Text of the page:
In 2015, the FASD Network began collecting stories from people whose lives have been affected by FASD. Now, we have published the completed project, a book titled "FASD Unexpected Journeys." It is our hope that this book will help show the world the truth about FASD. It is with the purpose of ending the stigma and misconceptions that this book was created. Chronicled within this collection are the stories of the challenges that have been overcome, the successes gained after countless struggles, and the accomplishments that were deemed impossible. It is a testament to the true ability and nature of the people among us who live with FASD.
We will be giving the first copy to each individual/organization free-of-charge with a cost-recovery shipping fee. Additional copies can be ordered for $25.00. Please contact the Network to order your copy:
(306) 975 - 0896
In the 2016/17 fiscal year, the FASD Network contracted an external organization, VADIS Consulting Group, to evaluate our performance. This evaluation sought to determine if our support services and training were achieving the outcomes the Network identified. Our clients, partners, and funders were interviewed as part of the evaluation. After a year of extensive review it was determined that the short-term outcomes are being achieved and strides are being made towards the long-term outcomes.
To review the evaluation in full: FASD Network Evaluation (May 2017)
To order any of the listed resources please contact the Network:
1-866-673-3276 or firstname.lastname@example.org
Fetal Alcohol Spectrum Disorder (FASD) – Public Health Agency of Canada
Canada Northwest FASD Research Network
Canadian Northwest FASD Partnership
Saskatchewan Prevention Institute
Canadian Foundation on Fetal Alcohol Research (CFFAR)
Centre for Forensic Behavioural Science and Justice Studies Exec Summ MH Needs Assessment 2012 SK
Provincial Outreach Program for FASD
The Asante Centre for Fetal Alcohol Syndrome
Central Urban Metis Federation CUMFI Wellness Centre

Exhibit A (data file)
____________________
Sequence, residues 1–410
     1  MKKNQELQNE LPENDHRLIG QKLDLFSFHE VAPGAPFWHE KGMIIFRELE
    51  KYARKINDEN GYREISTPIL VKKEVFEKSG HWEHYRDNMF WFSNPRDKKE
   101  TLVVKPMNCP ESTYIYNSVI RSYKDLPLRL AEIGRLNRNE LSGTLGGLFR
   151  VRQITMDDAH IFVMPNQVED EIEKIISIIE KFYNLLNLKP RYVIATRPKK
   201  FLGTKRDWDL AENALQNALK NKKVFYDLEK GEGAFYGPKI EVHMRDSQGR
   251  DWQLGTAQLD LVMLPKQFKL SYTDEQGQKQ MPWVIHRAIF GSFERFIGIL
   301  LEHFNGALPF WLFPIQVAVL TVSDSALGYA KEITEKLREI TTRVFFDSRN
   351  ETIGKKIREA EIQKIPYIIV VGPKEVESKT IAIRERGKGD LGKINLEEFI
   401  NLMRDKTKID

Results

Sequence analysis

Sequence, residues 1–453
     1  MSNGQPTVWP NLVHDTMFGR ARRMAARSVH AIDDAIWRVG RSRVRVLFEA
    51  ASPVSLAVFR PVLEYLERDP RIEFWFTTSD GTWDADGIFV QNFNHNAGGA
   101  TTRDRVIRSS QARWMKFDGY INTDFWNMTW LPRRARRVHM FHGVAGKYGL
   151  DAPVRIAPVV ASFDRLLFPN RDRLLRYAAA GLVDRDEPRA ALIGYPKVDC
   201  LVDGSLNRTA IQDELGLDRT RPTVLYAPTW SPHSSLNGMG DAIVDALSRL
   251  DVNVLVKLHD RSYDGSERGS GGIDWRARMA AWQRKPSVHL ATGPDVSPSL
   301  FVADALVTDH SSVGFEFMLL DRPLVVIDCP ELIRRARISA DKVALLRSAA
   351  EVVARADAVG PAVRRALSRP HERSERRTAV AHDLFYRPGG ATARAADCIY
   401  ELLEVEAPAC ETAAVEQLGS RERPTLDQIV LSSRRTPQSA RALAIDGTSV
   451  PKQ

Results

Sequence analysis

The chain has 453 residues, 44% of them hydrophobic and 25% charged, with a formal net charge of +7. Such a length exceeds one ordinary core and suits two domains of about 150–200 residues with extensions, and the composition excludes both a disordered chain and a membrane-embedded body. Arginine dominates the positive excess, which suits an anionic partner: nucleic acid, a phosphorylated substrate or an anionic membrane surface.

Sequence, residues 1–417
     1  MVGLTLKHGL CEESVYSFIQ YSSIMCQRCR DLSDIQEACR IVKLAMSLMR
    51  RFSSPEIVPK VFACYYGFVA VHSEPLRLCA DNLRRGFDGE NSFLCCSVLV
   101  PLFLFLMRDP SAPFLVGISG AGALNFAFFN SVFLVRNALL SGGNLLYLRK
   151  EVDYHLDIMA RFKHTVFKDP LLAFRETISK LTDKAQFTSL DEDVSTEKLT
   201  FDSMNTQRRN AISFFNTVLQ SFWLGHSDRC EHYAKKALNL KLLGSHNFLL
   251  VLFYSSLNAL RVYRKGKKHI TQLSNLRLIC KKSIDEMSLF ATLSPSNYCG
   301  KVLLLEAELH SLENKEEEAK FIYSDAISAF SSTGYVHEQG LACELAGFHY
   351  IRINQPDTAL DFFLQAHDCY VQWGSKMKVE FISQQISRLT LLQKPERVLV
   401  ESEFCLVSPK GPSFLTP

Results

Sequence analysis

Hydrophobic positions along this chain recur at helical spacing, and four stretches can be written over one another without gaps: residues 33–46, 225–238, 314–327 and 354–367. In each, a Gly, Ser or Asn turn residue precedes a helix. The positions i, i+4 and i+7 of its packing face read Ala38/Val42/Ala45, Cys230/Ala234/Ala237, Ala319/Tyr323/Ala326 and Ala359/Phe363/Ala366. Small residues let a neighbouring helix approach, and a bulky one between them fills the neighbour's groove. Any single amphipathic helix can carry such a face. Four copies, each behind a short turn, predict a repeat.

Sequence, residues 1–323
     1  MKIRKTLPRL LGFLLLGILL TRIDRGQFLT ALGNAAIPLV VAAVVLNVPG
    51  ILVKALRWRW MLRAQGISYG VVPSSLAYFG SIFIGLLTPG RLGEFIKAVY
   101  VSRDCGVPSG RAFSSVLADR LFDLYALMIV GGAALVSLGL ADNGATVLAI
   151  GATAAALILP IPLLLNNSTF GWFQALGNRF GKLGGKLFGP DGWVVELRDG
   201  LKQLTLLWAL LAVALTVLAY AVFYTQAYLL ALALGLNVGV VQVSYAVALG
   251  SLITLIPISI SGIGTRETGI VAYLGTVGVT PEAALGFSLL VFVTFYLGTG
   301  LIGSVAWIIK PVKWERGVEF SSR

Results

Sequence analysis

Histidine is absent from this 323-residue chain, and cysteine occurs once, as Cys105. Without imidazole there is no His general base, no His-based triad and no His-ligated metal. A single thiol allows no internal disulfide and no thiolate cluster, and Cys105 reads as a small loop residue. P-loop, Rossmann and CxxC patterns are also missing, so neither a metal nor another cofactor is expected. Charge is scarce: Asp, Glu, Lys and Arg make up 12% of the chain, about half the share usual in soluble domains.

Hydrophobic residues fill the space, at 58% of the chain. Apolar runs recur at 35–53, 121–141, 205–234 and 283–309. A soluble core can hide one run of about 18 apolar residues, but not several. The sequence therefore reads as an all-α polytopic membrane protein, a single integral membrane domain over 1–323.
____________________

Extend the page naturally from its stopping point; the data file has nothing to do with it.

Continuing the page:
Aboriginal Family Services
Wood, M. (2010) U of S Theses: Towards self-forgiveness and self-worth: journeys of birth mothers of children with FASD.
Schemenaur, C. (2011) Supports to Improve the Lives of Adults with FASD
Mitten, R. (2011) Fetal Alcohol Spectrum Disorder: Circles of Healing, Transformation and Reconciliation, Ke-ge-na-thee-tum-we-in
When someone has a cognitive disability, this means that her or his brain works differently. That person may struggle with things like learning, thinking, reasoning, problem solving, understanding information, making decisions or remembering. Because of prenatal exposure to alcohol, people with Fetal Alcohol Spectrum Disorder (FASD) have a range of primary physical, cognitive, sensory and behavioural disabilities. This range of disabilities is different for everyone and creates a need for services and supports.
Without services and supports, individuals with FASD are at high risk for developing secondary disabilities like mental health problems, addictions, trouble with the law, education and employment problems, isolation, poverty and homelessness.
Community members with FASD and other cognitive disabilities are vulnerable and almost always have a variety of unmet needs. When the unmet needs are addressed through services and supports, individuals of all ages have a greater chance to live safe, healthy and successful lives. The Cognitive Disabilities Strategy can help Saskatchewan families living with FASD.
The CDS is a provincial plan offered through each health region. It is for citizens with cognitive disabilities. Each region has a Cognitive Disabilities Consultant or a main contact. The CDS consultant can help individuals and families identify needs, develop plans, set goals, seek out other services, answer questions and access the strategy.
The CDS has four main goals:
Every person with FASD is unique and will have different strengths and struggles. The CDS is an individualized program so it might look different for each person. Two important things for you to know:
1. The CDS is for children, youth and adults in Saskatchewan.
2. A diagnosis is not needed to be eligible for CDS services.
Individuals and families have used CDS benefits to gain services like daily mentoring support, respite care providers, aides for parent support, tutors, specialized therapeutic interventions like art therapy or counseling or for support with assessment and diagnostic services.
Call the Network for more information about the Cognitive Disabilities Strategy.